With the business/private line, suddenly the enterprise appears cultivates a more professional and credible image with the potential distraction of personal and business communications on a single line removed. Customers will more likely trust and feel confident contacting a business that provides a dedicated phone number, underlining that it is legitimate and ready to engage with clients.

What about customer service? The business number can be set up with features such as auto-attendants and voicemail, which help manage calls efficiently and ensure customer inquiries are handled more efficiently.

Additional features like call recording, analytics, and automated responses can monitor and improve their communication strategies. And the world of vanity numbers opens – using (where appropriate) a number that aligns with the company’s branding to make contact information more memorable! These are just some of the advantages.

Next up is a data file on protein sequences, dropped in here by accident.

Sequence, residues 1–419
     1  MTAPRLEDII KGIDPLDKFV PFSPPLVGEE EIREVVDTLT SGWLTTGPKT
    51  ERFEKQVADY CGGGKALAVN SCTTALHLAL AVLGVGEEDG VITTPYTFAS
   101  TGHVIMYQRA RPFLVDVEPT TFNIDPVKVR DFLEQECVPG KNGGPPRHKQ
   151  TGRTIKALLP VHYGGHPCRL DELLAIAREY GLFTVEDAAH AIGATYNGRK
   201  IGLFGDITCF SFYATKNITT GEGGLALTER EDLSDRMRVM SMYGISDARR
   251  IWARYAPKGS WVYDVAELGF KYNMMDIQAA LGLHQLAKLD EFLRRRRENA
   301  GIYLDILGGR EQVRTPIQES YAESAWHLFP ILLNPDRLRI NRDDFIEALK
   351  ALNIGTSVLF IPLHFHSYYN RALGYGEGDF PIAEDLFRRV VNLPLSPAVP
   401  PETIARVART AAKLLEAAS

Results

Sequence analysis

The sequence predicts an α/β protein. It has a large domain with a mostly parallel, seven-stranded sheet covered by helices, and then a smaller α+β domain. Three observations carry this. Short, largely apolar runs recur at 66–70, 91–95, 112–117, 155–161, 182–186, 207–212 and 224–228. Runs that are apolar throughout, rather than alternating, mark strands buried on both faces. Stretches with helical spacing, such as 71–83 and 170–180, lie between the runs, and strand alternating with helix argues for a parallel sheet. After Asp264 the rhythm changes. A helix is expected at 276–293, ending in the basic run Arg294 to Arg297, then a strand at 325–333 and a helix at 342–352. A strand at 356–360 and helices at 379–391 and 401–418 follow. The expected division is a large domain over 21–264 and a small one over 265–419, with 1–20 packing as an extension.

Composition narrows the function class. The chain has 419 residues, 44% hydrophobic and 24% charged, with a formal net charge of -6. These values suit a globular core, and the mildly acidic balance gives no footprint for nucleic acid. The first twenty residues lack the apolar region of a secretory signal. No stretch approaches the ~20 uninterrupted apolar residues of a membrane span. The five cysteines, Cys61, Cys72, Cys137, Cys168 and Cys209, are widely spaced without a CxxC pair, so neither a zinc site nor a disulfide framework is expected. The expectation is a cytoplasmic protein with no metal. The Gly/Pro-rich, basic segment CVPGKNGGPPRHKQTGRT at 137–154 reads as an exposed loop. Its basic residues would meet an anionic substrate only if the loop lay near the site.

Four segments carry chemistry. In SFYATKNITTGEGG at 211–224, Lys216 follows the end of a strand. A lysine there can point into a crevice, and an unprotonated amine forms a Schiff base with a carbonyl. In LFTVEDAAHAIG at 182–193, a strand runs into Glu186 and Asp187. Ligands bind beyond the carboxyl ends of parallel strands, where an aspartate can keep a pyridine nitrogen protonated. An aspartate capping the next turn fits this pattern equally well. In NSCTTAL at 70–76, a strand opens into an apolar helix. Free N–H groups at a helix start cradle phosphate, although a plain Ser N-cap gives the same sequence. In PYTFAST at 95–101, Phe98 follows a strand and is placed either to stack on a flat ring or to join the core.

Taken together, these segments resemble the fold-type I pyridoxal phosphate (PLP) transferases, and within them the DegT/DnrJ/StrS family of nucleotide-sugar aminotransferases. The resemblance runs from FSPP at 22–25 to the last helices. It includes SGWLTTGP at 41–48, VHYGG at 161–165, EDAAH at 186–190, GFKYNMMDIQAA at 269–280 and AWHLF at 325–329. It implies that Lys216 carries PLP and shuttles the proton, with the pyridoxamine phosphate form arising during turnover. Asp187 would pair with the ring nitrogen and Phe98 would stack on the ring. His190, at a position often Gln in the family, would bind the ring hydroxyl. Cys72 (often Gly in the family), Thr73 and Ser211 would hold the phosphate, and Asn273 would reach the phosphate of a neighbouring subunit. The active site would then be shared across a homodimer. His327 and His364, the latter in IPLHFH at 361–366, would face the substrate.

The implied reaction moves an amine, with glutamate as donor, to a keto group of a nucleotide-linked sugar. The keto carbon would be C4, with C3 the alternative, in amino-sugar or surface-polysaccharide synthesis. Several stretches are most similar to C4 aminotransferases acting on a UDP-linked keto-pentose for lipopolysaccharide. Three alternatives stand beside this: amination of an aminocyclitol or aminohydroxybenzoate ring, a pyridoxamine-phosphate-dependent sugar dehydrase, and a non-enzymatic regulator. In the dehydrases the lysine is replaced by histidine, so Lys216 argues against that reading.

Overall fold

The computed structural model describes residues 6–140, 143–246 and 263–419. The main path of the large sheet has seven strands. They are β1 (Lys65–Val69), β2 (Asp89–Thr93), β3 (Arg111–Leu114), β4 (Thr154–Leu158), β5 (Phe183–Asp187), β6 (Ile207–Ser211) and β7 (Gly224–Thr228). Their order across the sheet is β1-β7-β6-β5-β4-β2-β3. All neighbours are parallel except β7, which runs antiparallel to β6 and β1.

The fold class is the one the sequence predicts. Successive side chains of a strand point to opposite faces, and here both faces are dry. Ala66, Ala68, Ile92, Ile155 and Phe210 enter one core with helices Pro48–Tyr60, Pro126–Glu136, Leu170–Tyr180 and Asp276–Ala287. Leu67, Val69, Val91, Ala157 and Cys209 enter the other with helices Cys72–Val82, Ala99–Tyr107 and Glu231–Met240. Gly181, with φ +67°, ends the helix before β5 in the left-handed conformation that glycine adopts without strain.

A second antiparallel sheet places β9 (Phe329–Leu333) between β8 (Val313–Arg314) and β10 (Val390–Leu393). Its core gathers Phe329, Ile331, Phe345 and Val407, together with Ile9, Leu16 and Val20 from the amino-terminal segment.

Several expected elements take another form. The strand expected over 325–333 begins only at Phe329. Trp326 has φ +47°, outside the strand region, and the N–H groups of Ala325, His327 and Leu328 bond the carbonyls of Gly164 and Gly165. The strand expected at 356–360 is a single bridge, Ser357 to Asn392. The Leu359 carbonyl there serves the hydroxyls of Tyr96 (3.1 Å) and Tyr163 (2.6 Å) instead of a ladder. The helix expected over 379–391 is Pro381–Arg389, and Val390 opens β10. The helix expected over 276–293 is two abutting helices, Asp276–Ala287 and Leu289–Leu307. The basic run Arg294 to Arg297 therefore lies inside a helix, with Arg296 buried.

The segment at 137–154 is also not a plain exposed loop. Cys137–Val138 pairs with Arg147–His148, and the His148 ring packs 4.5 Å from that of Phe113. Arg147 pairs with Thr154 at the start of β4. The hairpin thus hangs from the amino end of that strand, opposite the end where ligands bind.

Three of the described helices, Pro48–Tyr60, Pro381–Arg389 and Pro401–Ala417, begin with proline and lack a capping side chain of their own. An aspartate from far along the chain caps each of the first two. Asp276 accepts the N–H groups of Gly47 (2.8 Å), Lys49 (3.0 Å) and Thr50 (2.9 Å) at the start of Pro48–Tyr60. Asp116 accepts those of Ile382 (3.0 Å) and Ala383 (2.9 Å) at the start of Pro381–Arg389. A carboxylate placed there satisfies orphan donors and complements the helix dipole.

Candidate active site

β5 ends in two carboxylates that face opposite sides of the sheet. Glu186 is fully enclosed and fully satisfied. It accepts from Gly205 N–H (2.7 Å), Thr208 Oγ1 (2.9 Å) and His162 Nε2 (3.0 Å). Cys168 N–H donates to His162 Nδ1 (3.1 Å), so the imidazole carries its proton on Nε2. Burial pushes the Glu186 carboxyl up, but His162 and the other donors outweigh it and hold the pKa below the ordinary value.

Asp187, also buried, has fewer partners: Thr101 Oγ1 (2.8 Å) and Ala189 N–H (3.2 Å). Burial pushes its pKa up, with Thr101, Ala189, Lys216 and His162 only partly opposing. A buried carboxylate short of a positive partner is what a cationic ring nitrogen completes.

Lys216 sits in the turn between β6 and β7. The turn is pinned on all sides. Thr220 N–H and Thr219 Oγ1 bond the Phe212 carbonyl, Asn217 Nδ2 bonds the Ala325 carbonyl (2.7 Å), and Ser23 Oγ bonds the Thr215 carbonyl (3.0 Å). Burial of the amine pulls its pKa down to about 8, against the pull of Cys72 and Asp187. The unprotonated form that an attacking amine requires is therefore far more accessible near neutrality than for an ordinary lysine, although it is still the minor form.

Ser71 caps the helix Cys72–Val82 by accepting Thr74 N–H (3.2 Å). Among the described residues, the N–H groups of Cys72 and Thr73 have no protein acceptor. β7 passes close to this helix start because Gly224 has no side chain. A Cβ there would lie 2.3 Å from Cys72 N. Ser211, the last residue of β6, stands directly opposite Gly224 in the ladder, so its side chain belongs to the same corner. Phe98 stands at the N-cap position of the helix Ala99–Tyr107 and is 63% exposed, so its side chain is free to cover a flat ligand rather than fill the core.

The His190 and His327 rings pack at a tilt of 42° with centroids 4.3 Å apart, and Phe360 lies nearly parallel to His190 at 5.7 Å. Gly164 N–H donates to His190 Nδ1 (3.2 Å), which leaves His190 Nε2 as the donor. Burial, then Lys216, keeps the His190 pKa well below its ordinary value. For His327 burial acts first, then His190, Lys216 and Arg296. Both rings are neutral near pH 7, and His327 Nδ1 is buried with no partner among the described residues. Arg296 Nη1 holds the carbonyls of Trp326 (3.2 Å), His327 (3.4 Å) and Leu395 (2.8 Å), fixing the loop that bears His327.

The argument is simple. A dedicated business phone number enhances any company's professionalism, improves customer service, and provides access to the flexibility and features necessary to support business growth and efficient communication. Importantly, it allows users to separate business and private lives.

For the small business, with a limited number of hands (perhaps only one pair), ambition alone isn’t enough to ensure success. Telecoms service providers in all too many cases need ask themselves if they’re doing their part to support their customers in the way that support is really needed.

Answer: the Gintel platform

If there’s good news for telcos, it’s that providing what we’ve outlined above and what the small business needs, particularly in the form of microservices like the business/private line, isn’t difficult.